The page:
Commentary By Peter J. Patrick – It’s a shame that prolific essayist and short-story writer Harry Bates’ only work to be made into a film was his 1940 short story, “Farewell to the Master,” but what a story it was, bringing hope and humanity to the world in a way that readers on the verge of World War II and filmgoers during the midst of the Korean war didn’t expect. The Day the Earth Stood Still remains a hopeful sign of things to come.
E.T. The Extra-Terrestrial (1982)
(dir. Steven Spielberg) Commentary By Peter J. Patrick – It’s hard to believe that Spielberg’s tribute to the wonder of childhood imagination is now 35 years old and child stars Henry Thomas, Robert McNaughton, and Drew Barrymore are 46, 50, and 42 respectively, but time marches on for all of us. The adorable frightened alien that they named E.T. that made one Halloween in their lives so special has made many holidays for several generations special ever since, and will likely continue to do that for many more to come.
Commentary By Tripp Burton – Science fiction is more often than not about warning us against the harm humanity is capable of; E.T., one of the biggest blockbusters of all time, is a celebration of the good that humanity is most capable of. There may be bad people (i.e. the government), but there are also children whose ability to love and accept trumps all evil and can make the impossible possible. That love makes bicycles soar, plants return to life, and friendships blossom. It is a love letter to humanity, written from the perspective of a tiny, wrinkly, big-eyed, brown alien.
Eternal Sunshine of the Spotless Mind (2004)
(dir. Michel Gondry) Commentary By Tripp Burton – I don’t often think of science fiction films being great romances, but Eternal Sunshine of the Spotless Mind is a film that is in no way similar to anything else ever made. Its vision of a very near future, where a technology that lets us erase our memories means that nothing bad in life has to stay with us. The film is a warning, though, not a celebration, and is ultimately about the power of love and humanity over any technology we can try to create.
The Fly (1958)
(dir. Kurt Neumann) Commentary By Peter J. Patrick – The film that answers the question as to what would have happened if Dr. Frankenstein and his monster had changed places, George Langelaan’s compelling 1957 short story was the basis for this sci-fi classic in which inventor Al Hedison has a terrible accident while experimenting with his teleportation machine in which his head and that of a fruit fly become interchanged. The story was just as compelling, if not more so, in the 1986 remake with Jeff Goldblum.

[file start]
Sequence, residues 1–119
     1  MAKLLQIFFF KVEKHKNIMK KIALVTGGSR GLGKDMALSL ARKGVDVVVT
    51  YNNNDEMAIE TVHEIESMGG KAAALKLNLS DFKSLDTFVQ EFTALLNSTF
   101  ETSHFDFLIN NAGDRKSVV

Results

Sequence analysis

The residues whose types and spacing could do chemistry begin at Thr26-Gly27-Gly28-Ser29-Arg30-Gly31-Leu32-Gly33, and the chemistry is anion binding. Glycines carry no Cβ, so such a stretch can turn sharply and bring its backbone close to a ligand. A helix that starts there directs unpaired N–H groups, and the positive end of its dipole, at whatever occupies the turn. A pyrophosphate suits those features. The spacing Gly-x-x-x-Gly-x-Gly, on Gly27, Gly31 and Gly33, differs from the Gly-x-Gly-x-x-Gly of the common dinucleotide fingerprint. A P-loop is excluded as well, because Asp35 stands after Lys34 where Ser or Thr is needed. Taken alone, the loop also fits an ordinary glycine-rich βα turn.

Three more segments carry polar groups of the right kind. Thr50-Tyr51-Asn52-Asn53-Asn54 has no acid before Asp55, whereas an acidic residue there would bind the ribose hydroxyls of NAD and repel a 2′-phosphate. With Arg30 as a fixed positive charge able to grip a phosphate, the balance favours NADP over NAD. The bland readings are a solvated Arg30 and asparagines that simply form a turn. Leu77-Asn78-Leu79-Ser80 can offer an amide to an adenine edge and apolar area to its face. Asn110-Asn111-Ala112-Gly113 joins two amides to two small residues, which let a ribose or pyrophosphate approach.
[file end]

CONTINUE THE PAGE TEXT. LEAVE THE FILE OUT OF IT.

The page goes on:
Galaxy Quest (1999)
(dir. Dean Parisot) Commentary By Thomas La Tourrette – A Star Trek-style television show gets mistaken for reality and the actors end up helping some aliens in distress. It is a spoof, but a well written and acted one, with great turns by Alan Rickman as a frustrated actor and Enrico Colantoni as the main alien. It plays out nicely with how people need to come together as a team, like they appeared to be on television. It is a fun movie, nothing more, made better by the references to Star Trek and the actors suddenly having to deal with a working starship when they were used to only cardboard props.
The Incredible Shrinking Man (1957)
(dir. Jack Arnold) Commentary By Peter J. Patrick – Based on the 1956 novel by prolific science fiction writer Richard Matheson, whose multiple works were filmed for both TV and the big screen, this highly successful film was a stunner in more ways than one. It was not only a compelling sci-fi drama, but a cautionary tale about the harmful effects of radiation, insecticide, and the mix of the two that startled audiences of the day and continues to do so sixty years later.
Journey to the Center of the Earth (1959)
(dir. Henry Levin) Commentary By Peter J. Patrick – Called the “Father of Science Fiction,” Jules Verne’s works have managed 186 films and TV shows to date. Journey to the Center of the Earth from Verne’s 1864 novel has been filmed several times, most recently in 2008, but this gorgeously filmed 1959 version with James Mason, Pat Boone, Diane Baker, and Arlene Dahl, remains the most compelling. It was nominated for 3 Academy Awards, a rare achievement for a sci-fi film in those days.